Being stuck at home doesn’t mean that amazing food is off the menu. More so than ever, now’s the time to start honing those cooking skills so you can whip up enjoyable dishes without having to strain your wallet.
And what better way to start than with the simplest Japanese dishes out there? Japan is the food capital of the world, and a lot of Japan’s staple dishes are super straightforward and can be cooked in less time than it takes to order a takeaway.
So, we’ve compiled four Japanese dishes which can be made in 30 minutes or less. You don’t need to be a master chef to pull any of these recipes off!
1. Beef Gyudon
Gyudon is a dish of thinly-cut beef strips, cooked in a sweet mixture of soy sauce, mirin and served on top of white rice. There are different things which be used as toppings to add flavor, but the most common is addition is sake. It’s often finished off with a fried or poached egg and pieces of sliced onion.
Gyudon originated around the early 1900s under the guide of a similar dish, Gyunabe. Gyunabe consisted of thin slices of beef slow-cooked in a pot over vegetables, and eventually, rice and savory toppings were added and the dish evolved in gyudon. It remains a quick, easy-to-make meal and a popular lunch in Japan. So popular, in fact, that it’s also made its way to the west! Here’s how Hana from the US makes her own beef gyudon.
- 3 eggs
- 100g sliced beef
- ½ tbsp honey
- ½ tsp white vinegar
- ¼ piece onion
- 2 cloves minced garlic
- ½ tsp ginger paste
- 150ml water
- 2 tbsp soy sauce
- ½ tbsp sugar
- ¼ tsp salt
- 50ml white wine
- 170g white rice
- 200ml water
1. Marinate the sliced beef with honey and ginger paste, then leave it for around 10 minutes.
2. Pour water, soy sauce, white wine, sugar, and salt into saucer and simmer over medium heat.
3. Add sliced onion and marinated beef, stirring until beef has cooked through and liquid has reduced to a broth.
4. Ensure all the pieces of sliced beef are cooked evenly, then add salt and sugar according to taste.
- Hana, United States.
2. Baked Salmon Teriyaki
Simplicity is at the heart of this tasty teriyaki dish. Salmon is super healthy and easy to cook, so this one’s perfect for when you want to whip up something fast and still count the calories.
Traditionally, "teriyaki" refers to broiling or grilling food in a sweet soy sauce marinade, but the sauce itself has made its way to the west, and come to be known as "teriyaki sauce".
In this recipe, the salmon is baked instead of broiled, and then drizzled with a sweet teriyaki sauce made from mirin and soy sauce. Combined with a side of white rice, this baked salmon teriyaki is overflowing with Japanese flavors, both sweet and savory.
This one involves making your own teriyaki sauce too, but Kevin in the US has made it straightforward enough for even the most amateur chefs to pull off. Here’s his take on it.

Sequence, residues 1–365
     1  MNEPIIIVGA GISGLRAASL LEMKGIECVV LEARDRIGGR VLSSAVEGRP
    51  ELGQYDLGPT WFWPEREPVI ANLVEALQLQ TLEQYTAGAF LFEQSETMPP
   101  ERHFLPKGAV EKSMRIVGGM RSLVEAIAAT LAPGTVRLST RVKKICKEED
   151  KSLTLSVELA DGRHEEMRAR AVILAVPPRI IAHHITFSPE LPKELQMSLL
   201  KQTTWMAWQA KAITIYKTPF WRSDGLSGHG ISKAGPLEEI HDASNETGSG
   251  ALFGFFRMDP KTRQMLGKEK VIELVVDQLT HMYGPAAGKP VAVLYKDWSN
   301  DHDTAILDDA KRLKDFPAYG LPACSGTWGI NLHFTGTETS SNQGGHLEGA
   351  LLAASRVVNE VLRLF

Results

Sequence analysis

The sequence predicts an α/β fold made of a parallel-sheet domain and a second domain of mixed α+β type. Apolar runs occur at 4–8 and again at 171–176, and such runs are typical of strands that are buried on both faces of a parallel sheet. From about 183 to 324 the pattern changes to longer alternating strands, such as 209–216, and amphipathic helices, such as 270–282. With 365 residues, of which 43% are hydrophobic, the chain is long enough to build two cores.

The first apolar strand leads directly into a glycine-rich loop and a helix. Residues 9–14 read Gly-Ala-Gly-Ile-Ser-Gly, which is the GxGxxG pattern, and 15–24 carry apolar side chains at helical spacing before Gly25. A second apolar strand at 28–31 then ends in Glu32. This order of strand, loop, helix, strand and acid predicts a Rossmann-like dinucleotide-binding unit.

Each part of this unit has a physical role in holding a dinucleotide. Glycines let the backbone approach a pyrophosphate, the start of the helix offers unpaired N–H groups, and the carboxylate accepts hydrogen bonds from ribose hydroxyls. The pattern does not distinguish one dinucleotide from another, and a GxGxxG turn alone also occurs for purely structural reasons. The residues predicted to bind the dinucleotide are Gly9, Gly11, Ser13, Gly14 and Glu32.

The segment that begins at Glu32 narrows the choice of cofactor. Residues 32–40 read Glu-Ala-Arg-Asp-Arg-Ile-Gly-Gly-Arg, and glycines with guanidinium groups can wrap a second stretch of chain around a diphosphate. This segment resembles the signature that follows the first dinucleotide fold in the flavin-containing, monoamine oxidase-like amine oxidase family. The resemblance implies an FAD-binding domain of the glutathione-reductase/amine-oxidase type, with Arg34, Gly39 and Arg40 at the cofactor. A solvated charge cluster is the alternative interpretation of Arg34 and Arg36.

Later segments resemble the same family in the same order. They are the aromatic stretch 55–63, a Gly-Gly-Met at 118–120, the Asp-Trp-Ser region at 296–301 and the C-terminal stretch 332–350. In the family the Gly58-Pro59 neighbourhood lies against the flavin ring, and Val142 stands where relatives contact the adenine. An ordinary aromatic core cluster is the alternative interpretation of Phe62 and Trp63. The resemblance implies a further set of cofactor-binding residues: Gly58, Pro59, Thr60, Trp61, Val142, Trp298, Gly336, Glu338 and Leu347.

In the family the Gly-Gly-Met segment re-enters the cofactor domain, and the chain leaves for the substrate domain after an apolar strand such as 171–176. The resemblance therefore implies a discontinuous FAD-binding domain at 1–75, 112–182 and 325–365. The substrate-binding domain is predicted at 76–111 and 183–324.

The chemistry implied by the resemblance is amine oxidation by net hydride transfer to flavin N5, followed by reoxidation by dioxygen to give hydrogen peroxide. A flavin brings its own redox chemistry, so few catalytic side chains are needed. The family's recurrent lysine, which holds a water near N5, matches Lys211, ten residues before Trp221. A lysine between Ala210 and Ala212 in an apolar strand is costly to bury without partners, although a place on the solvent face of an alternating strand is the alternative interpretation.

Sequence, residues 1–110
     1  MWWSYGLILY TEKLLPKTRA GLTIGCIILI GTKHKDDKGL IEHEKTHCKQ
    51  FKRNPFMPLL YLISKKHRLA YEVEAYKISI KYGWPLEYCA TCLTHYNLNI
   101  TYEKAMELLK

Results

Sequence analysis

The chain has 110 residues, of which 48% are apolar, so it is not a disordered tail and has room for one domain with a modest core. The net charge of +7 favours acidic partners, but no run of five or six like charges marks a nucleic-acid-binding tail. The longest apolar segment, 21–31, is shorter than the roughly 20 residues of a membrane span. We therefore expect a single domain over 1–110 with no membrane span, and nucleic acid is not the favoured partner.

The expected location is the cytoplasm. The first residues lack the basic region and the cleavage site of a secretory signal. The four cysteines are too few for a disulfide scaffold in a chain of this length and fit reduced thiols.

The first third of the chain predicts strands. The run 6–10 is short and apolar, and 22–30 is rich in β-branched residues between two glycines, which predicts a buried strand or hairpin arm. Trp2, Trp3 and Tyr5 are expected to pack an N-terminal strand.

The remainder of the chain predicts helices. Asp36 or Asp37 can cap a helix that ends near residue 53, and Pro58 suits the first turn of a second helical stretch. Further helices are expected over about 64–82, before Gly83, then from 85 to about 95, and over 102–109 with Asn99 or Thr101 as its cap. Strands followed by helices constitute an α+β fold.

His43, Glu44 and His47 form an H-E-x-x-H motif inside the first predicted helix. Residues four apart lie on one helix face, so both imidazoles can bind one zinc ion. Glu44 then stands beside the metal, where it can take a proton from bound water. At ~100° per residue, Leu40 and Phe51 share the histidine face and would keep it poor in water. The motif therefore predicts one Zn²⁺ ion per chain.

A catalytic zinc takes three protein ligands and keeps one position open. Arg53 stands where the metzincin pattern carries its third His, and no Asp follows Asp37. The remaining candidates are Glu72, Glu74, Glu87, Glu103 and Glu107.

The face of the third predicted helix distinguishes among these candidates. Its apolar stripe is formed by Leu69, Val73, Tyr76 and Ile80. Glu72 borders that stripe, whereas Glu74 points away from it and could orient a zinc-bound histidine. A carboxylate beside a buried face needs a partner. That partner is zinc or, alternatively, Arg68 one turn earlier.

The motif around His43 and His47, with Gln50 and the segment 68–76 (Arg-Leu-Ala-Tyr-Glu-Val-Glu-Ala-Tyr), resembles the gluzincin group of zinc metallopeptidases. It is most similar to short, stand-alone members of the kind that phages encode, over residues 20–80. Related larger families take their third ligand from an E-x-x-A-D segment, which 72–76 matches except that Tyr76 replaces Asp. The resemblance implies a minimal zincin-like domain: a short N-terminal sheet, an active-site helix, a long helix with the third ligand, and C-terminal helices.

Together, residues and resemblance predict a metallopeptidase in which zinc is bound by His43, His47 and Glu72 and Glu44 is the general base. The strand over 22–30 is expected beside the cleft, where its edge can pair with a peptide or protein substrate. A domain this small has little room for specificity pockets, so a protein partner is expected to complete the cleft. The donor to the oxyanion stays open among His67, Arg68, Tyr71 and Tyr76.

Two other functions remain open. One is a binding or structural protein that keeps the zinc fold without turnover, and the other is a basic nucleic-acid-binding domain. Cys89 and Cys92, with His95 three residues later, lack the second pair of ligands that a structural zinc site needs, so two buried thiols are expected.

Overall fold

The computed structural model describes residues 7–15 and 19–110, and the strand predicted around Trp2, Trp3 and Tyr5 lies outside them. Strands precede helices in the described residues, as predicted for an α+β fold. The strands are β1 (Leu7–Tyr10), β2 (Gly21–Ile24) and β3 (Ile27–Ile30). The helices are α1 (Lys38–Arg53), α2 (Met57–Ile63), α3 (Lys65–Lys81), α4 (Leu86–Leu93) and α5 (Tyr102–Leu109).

- 450g salmon (de-skinned and cut into two fillets)
- 100g white rice
- ¼ cup mirin (sweet Japanese cooking wine)
- ¼ cup soy sauce
- 2 tbsp water
- 2 tbsp sugar
1. Combine the ingredients for the sauce (mirin, soy sauce, water, sugar) together in a large bowl.
2. Place your two salmon fillets in the bowl and marinate for 15 minutes, making sure both sides get covered with sauce.
3. In the meantime, preheat your oven to 200°C and prepare a baking sheet by lining it with aluminum foil.
4. After 15 minutes, remove your salmon from the sauce, but keep the leftover sauce to the side. We will be reducing this to a thicker sauce to spoon over our salmon at the end.
5. Place your salmon fillets on the prepared baking sheet. Bake for 12-14 minutes, flipping halfway.
6. While your salmon is baking, heat up a small pot over medium-low heat and pour the remainder of the sauce in. Slowly simmer the sauce until it thickens up. If the sauce bubbles when you tilt the pot, your sauce is ready! Remove from heat and wait for your salmon to finish baking.
7. After your salmon is done baking, spoon the sauce over each fillet and serve with a side of rice
- Kevin, United States.
Ochazuke isn’t that well-known of a dish outside of Japan, despite it being very simple to make and packed full of Japanese goodness. It’s a staple of the Japanese diet because it’s light, easy to prepare and full of nutrients.
"Ocha" refers to tea, and "zuke" refers to submerging or soaking. So, quite simply, ochazuke is white rice drizzled with either hot water, green tea or dashi (a Japanese soup stock or broth). Pieces of salmon are then added to the top for a rich contrasting flavor.
Samantha has recreated this traditional Japanese classic at home in the Netherlands. She’s made the dashi version for that authentic Japanese touch, and she’s added a little twist with wasabi and tenkasu at the end. Here’s how she does it.
- 1 salted salmon (or ½ fillet of salmon and pinch of salt)
- 1 cup cooked Japanese short-grain rice
- 1 tsp Bubu arare (crispy puffed rice pallets. Or use Japanese rice crackers as an alternative)
- 1 tsp shredded nori seaweed (kizami nori)
- ¼ tsp toasted white sesame seeds